Omaha Public Schools’ effort to guide more bond construction work to small businesses drew both praise and scrutiny at Wednesday night’s school board meeting.
The meeting also included an 8-0 vote by the board to adopt the district’s $557.2 million general fund budget.
Cracks are showing in the OPS economic inclusion program, City Council President Ben Gray and north Omaha activist Preston Love Jr. told the school board during its public comment session, even as several contractors praised the program for providing more opportunities to contractors in poorer neighborhoods.
Gray and Love — who have been two of the leading voices in pushing for more job opportunities in high-poverty areas — said OPS was at a critical juncture and must ensure that work is going to qualified contractors.
Gray said he’s fielded complaints about the quality of work at Ponca Elementary, which is undergoing a $4.5 million renovation. He asked how contractors are being vetted by OPS and Jacobs Project Management Co., the company managing OPS’s $421 million bond program.
“(This has to) operate in a way so people don’t think somehow we’re dumbing down projects simply so we can hire minority contractors,” Gray said.
Love said he felt OPS and Jacobs are ignoring advice and guidance from people on the ground who know the contracting community.
“Because of this lack of using available resources, the street smart resources and expertise, OPS is setting up my contractors to fail,” Love said. “You’re not showing the capacity to discern who can and cannot perform.”
The school board adopted an economic inclusion plan earlier this year, and district officials have repeatedly stated their intention to involve more small and emerging businesses in bond construction, though the school board has sometimes been at odds over how to accomplish that goal.
Jacobs has set up a construction boot camp for contractors to brush up on technical skills, like estimating and bidding on jobs. So far, $3.6 million worth of bond contracts have gone to businesses certified through the City of Omaha’s Small and Emerging Small Business Program.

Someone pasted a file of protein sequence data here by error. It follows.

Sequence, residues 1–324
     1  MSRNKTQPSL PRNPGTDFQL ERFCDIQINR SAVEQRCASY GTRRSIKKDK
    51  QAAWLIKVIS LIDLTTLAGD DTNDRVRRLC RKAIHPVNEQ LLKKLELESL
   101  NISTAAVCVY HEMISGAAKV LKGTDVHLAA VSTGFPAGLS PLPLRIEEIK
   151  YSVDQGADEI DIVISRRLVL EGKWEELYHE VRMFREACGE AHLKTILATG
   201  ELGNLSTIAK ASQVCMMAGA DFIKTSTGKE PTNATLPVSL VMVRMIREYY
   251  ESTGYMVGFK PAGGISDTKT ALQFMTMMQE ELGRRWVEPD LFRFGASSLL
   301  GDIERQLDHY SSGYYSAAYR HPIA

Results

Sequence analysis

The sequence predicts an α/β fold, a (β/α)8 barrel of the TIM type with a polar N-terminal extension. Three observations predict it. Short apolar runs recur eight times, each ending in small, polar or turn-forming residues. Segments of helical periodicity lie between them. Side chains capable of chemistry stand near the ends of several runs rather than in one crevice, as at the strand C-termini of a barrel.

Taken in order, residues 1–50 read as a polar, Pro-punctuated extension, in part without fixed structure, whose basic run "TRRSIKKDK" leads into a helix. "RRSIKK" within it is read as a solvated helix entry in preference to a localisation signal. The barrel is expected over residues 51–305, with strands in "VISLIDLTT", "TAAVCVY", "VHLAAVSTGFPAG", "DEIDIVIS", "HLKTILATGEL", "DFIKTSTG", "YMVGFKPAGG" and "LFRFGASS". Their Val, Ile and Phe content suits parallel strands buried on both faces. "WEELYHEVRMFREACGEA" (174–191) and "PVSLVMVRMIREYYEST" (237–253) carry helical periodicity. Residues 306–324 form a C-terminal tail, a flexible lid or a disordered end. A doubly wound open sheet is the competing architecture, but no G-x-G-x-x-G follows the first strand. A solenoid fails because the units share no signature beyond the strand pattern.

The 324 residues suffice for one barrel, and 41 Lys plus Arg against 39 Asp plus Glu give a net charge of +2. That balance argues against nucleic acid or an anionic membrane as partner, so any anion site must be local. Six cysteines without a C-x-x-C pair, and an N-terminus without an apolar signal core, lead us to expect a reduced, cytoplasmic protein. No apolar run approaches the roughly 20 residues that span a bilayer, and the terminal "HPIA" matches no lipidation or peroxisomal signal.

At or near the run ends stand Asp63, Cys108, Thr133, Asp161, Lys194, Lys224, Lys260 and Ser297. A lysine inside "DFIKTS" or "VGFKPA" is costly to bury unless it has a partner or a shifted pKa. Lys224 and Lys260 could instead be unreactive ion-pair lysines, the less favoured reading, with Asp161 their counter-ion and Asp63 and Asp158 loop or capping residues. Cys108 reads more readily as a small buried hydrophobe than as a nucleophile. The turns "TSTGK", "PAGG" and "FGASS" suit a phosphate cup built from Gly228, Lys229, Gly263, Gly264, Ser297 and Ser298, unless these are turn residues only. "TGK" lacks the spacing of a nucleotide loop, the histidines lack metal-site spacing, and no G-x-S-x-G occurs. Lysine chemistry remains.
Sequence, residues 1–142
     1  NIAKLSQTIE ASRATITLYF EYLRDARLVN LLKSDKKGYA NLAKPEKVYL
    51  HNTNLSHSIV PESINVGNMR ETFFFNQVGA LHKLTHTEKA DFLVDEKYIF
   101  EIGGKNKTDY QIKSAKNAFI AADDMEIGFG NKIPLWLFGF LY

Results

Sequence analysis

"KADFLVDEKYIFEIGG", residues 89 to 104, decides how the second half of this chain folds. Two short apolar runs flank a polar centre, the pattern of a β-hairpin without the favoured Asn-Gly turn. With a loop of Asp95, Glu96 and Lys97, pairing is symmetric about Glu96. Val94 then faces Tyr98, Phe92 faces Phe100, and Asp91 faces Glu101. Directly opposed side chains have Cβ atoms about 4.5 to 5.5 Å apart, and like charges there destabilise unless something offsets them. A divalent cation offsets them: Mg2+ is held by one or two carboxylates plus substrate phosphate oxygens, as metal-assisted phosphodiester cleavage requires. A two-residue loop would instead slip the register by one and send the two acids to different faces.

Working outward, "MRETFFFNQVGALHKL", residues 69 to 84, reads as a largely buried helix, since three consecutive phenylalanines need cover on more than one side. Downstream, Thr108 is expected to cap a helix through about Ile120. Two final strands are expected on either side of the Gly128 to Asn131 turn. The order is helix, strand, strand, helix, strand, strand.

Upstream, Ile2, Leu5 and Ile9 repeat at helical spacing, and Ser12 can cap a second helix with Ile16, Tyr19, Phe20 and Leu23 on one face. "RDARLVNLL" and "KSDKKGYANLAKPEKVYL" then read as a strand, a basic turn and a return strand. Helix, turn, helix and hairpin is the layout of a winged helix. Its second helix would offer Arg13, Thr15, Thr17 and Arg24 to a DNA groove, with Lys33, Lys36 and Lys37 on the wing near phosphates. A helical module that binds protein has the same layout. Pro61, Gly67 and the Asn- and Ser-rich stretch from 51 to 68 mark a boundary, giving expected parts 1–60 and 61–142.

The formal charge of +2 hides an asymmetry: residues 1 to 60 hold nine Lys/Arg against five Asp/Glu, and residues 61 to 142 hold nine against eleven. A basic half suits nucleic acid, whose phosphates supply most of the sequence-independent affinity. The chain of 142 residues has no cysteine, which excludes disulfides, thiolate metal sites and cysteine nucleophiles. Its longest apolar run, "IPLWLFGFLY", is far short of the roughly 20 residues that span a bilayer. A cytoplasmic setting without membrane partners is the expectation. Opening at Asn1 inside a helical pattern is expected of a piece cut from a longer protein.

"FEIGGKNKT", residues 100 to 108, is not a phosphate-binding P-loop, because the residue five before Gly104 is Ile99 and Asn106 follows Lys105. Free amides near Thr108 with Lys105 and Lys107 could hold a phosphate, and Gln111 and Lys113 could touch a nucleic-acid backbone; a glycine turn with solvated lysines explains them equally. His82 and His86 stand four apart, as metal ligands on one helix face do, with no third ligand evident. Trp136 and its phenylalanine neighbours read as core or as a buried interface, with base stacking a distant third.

That’s a 10 percent participation rate, higher than the 7 percent goal the school board set in its inclusion plan, though bond work is still its early phase. The district also interviewed candidates for its new, in-house economic inclusion project director position in August.
Several contractors showed up to the board meeting to commend OPS’s attention to smaller contractors.
“I think this bond issue is the beginning of a really great example here in Omaha,” said general contractor Mark Santo. “A lot of other programs have tried to achieve what you guys are achieving.”
Contractor Houston McKell III participated in the construction academy and did demolition work on the Ponca project.
“I completed it early and I guess we did a good job,” McKell said.
In other business, the board heard from two parents and several students concerned about potential cuts to arts programs at South High, which offers an information technology and visual/performing arts magnet program.
Parent Angela Ballinas, whose son participates in the school’s show choir, said parents were told at a recent meeting that $100,000 had been cut from the magnet budget, which could affect purchases of art supplies and other equipment.
Since then, she and parent Matthew Reagan said they’ve received multiple explanations about the magnet budget, including that the money had been diverted to hire two additional staff members.
“We’ve heard three different stories,” Reagan said during a budget hearing. “I’m a little concerned we’re not getting a consistent answer as to where these budget dollars have gone.”
South High Principal Ruben Cano briefly addressed the issue during the public comment portion, saying no magnet programs would be cut at South, even if it meant using some of the school’s discretionary funds to cover program costs.
“We will not stop funding any of the programs we have now at South High,” Cano said. “They’re far too valuable. It is a concern that’s been heard and one we’ve begun to address.”
Toward the end of the meeting, the board voted 8-0 to adopt the district’s $557.2 million general fund budget, a spending increase of 3.9 percent compared to last year. Board member Justin Wayne was absent for the vote.
The total levy is $1.23 per $100 assessed value. For a home assessed at $150,000, that translates to a tax bill of $1,845, a $45 increase. That increase can be attributed to the bond that passed in November, since the district has now begun paying interest on those bonds, Chief Financial Officer Connie Knoche said.
For taxpayers who live within OPS boundaries, about 55 percent of their total tax bill pays for schools.
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